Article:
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Sebring WEC Thursday Notebook

Sportscar365’s post-qualifying notebook from the WEC paddock at Sebring…

Photo: Jamey Price/Toyota

***While Glickenhaus driver Olivier Pla thought the gap between himself and 1000 Miles of Sebring pole-sitter Nico Lapierre could have been smaller, he reckoned beating Alpine would have been unlikely for the American squad: “It’s the first time for us here with this car,” Pla told Sportscar365. “We still have a lot of work to do. The car is difficult on the bumps at the moment and we are working on it.”

***The previous-largest gap between first and second in FIA World Endurance Championship single-driver qualifying, which was introduced last year, was the 0.519 seconds between the two Toyotas at Spa-Francorchamps. Lapierre scored his first outright WEC pole since Shanghai 2013.

***Tomorrow’s grid will be led by the first WEC front-row not to include a Toyota since the 2019 running of the 8 Hours of Bahrain, when Rebellion Racing took pole and Ginetta squad Team LNT qualified second. A Toyota has been on the front row in each of the last ten races.

***Toyota’s WEC technical director Pascal Vasselon declared “it was not a surprise” to see the Japanese marque struggle to match its Hypercar rivals in qualifying. “What we have seen in quali is exactly in line with what we have seen in the sessions,” he said.

***Vasselon added that both Toyotas were on strong laps when the red flag came out with seconds remaining. He estimated that the Toyotas could have gone down to the 1:49.0 range to beat the LMP2 field but still would have ranked no higher than third.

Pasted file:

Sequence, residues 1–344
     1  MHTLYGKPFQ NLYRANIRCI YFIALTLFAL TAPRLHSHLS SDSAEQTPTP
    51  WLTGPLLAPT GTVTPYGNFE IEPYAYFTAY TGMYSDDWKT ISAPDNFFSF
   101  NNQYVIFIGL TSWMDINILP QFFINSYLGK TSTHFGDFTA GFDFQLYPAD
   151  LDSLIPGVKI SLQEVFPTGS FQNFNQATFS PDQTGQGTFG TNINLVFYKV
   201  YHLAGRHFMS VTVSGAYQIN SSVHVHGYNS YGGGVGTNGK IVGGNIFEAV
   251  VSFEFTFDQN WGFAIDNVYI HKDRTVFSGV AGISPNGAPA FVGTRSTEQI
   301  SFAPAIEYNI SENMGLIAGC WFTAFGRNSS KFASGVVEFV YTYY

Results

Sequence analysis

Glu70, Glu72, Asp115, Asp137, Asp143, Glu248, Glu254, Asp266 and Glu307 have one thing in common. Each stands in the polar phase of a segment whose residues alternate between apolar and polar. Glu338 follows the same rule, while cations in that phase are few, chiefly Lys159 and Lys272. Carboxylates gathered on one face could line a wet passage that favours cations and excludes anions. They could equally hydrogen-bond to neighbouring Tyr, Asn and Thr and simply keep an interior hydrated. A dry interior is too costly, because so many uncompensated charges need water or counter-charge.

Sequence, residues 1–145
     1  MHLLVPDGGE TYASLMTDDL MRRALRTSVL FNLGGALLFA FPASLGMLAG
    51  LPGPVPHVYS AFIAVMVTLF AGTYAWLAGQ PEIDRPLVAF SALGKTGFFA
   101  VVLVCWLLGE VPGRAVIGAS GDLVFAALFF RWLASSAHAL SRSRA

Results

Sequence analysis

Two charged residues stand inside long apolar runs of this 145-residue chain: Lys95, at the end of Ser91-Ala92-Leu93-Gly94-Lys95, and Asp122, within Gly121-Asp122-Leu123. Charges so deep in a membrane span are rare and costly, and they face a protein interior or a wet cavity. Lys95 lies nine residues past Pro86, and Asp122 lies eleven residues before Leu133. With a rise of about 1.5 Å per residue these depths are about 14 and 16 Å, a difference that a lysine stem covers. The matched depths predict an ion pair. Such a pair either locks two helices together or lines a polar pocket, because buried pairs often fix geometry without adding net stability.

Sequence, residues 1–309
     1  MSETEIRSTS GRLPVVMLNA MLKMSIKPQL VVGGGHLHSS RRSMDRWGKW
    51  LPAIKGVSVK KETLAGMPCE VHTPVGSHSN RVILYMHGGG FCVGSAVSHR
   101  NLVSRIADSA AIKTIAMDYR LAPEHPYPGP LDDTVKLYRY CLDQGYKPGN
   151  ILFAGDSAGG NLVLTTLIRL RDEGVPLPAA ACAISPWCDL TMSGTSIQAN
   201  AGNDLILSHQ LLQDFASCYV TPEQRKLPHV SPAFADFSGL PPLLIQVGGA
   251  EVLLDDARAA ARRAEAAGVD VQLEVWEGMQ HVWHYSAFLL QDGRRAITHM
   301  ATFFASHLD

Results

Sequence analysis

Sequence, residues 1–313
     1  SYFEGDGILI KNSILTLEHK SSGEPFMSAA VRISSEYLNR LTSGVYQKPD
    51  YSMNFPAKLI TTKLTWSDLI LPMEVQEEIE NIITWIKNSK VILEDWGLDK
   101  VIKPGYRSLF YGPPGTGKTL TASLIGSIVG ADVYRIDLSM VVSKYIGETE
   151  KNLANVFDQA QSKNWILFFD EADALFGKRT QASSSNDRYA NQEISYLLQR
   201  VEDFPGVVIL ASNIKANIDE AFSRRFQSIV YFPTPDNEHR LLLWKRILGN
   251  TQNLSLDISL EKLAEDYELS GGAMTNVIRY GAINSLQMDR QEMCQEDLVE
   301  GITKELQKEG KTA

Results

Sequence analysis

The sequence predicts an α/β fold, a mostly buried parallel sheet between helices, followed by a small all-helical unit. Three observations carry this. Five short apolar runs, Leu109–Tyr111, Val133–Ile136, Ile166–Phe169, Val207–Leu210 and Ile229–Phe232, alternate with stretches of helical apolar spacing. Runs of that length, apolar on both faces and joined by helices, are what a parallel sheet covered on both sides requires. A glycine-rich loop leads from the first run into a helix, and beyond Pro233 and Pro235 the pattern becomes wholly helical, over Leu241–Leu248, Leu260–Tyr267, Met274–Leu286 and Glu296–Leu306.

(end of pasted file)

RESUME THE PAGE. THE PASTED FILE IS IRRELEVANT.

***Dempsey-Proton Racing’s Julien Andlauer was fined €2,500 for taking the checkered flag three times at the end of Free Practice 3. In a stewards’ report, the Frenchman reportedly explained that “dashboard and radio were not working and he was busy trying to reconnect the radio.” The session was red-flagged after its conclusion while Andlauer continued to circulate.

***Unlike IMSA’s confirmed schedule that will see two sanctioned tests for LMDh and eligible LMH machinery at the end of this year, ACO competition director Thierry Bouvet said there are no official WEC tests planned outside of the typical Prologue will likely again fall the week before Sebring next year.

***The policy that any LMDh manufacturer competing in the WEC needs to undergo wind tunnel validation testing at the FIA-commissioned Sauber wind tunnel, and IMSA-bound LMH cars visiting the Windshear facility in North Carolina, still applies according to Bouvet. “We have some data in both,” he said. “Eventually, we worked at some point to converging on one wind tunnel. But we felt that having two sets of data would make us stronger. That’s the idea why we kept it.”

***Bouvet has confirmed that LMH regulations for road car-based hypercars are still written in the regulations, which would allow a manufacturer like Aston Martin to restart its Valkyrie LMH program, as has been hinted by Aston Martin Formula 1 team owner Lawrence Stroll in recent weeks.

***An extension of the LMH regulations, which are currently confirmed through the 2025 WEC season would “make sense” according to Bouvet, particularly with LMDh confirmed on a five-year timeline starting in 2023 and ending in 2027.

***Porsche will have two-driver lineups in the GTE-Pro class for the 8 Hours of Bahrain, rather than three drivers as was the case for the eight-hour races at Portimao and Bahrain last year.

***Explaining the decision, Porsche’s head of WEC operations Alex Stehlig told Sportscar365: “We had the feeling in Portimao that it was not optimal for the run-time per driver. We got it a bit confirmed in Bahrain, but it was compensated because the regular drivers were doing a six-hour race the weekend before. But then we said in the winter break, let’s stick to the two drivers per race.”